The research, co-funded by the Mile End Institute at Queen Mary University of London, has shed new light on public attitudes towards the outside interests of MPs.
4 July 2018
Part of the Committee on Standards in Public Life’s (CSPL) enquiry into MPs’ outside interests, the research showed that the public were more discriminating in their views of MPs outside interests than is often thought.
The research involved a survey in which respondents were provided with information about five pairs of hypothetical MPs. For each pair they stated which one they preferred to have as their MP.
The results revealed that the public were selective when it came to the acceptability of outside interests and additional earnings.
Professor Philip Cowley, Director of the Mile End Institute at Queen Mary said: “The results of this survey experiment show that the public tend to discriminate when it comes to outside interests of their MPs. The public care about the type of work MPs do, how long they spend doing it, and how much money it generates. Some interests are more acceptable than others.”
MPs were less popular the longer they spent on outside interests and the more they earnt. Politicians who earned £30,000 from an outside interest, for example, were 3.7 times less popular than a candidate who earns nothing from outside interests.
While the public did not like MPs spending time also being a lawyer or a company director, they were actually positive about an MP who spent time being a doctor.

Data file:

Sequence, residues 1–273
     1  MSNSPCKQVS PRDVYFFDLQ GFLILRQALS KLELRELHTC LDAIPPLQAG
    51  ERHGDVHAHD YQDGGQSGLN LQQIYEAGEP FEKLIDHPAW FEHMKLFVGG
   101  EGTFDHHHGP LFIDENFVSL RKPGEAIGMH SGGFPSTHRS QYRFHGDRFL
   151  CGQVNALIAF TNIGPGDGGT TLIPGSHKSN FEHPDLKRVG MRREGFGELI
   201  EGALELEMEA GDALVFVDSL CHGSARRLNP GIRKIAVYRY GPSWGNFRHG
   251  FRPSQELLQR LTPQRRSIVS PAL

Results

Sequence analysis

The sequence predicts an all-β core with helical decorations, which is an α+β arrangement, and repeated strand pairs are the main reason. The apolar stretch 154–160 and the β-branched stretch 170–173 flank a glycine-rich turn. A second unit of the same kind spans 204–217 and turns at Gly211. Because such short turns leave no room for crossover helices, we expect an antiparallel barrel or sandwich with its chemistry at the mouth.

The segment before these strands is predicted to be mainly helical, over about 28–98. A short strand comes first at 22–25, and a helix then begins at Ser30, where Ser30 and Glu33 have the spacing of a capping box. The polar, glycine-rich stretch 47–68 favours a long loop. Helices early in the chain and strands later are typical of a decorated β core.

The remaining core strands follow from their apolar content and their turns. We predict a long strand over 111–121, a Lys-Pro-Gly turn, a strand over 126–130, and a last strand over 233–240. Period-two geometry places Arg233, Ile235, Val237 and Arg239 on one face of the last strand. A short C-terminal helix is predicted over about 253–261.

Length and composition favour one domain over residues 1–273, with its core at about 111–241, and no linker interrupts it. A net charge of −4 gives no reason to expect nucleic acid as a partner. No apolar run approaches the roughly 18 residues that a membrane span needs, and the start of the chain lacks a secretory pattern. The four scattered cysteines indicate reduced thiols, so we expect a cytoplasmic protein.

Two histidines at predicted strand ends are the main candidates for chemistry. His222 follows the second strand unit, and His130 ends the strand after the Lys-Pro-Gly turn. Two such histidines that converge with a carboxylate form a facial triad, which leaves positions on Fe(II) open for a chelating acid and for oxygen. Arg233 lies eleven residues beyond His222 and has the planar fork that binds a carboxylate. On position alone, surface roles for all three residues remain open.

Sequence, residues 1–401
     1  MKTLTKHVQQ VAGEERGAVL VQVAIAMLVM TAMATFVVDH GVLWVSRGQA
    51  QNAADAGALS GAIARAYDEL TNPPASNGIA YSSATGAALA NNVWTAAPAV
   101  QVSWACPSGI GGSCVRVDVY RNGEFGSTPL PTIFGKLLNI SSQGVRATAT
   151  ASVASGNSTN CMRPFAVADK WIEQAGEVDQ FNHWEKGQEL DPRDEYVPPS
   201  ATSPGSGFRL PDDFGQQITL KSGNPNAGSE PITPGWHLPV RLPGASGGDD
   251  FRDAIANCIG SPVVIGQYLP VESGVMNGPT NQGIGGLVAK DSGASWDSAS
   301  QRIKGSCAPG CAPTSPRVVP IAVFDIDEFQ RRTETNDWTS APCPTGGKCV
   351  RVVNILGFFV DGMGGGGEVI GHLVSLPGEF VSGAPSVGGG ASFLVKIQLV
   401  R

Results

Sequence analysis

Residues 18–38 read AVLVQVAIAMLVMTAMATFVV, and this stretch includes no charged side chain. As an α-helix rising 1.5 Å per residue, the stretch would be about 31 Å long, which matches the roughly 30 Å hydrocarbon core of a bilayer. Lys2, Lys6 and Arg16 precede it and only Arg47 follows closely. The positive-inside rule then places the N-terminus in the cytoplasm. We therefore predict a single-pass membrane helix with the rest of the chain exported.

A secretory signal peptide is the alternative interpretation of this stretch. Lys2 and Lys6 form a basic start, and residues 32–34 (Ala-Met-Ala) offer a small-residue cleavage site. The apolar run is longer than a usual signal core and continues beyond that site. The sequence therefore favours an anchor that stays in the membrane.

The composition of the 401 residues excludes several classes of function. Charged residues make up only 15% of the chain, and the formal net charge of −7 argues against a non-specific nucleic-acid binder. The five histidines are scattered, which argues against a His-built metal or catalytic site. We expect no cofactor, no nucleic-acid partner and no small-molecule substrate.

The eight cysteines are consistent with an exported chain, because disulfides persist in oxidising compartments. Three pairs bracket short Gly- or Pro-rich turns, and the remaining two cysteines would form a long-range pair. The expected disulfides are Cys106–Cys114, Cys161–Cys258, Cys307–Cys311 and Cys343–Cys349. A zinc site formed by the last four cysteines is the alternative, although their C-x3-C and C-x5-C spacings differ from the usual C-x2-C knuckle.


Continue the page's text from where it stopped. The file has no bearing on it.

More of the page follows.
They were also understanding of MPs undertaking additional political jobs, such as taking time to chair select committees or become a Cabinet Minister – even though these are also time consuming and earn MPs additional money.
The research was carried out by Professor Philip Cowley from Queen Mary’s School of Politics and International relations as well as Professor Rosie Campbell from Birkbeck, University of London. It formed part of the CSPL’s enquiry, which recommended against an outright ban on MPs second interests.
3,309 individuals participated in the survey experiment which aimed to test public attitudes towards the relative acceptability of different outside interests that MPs hold.
Three key aspects of outside interests were tested: the nature of the interest, the time spent on it and the money earnt as a result.
Four other variables were included in the analysis: gender, time in office, an MP’s job before entering parliament, and political interests.
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